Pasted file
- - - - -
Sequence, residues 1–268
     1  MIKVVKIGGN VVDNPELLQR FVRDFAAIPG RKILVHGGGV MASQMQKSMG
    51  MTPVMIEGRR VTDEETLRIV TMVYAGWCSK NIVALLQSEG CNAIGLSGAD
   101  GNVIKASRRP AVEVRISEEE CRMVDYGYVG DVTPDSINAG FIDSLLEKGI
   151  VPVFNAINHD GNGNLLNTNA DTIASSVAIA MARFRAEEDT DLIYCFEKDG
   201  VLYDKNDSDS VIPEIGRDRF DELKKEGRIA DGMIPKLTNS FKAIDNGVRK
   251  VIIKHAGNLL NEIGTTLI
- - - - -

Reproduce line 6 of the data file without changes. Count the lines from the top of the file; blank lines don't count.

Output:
   201  VLYDKNDSDS VIPEIGRDRF DELKKEGRIA DGMIPKLTNS FKAIDNGVRK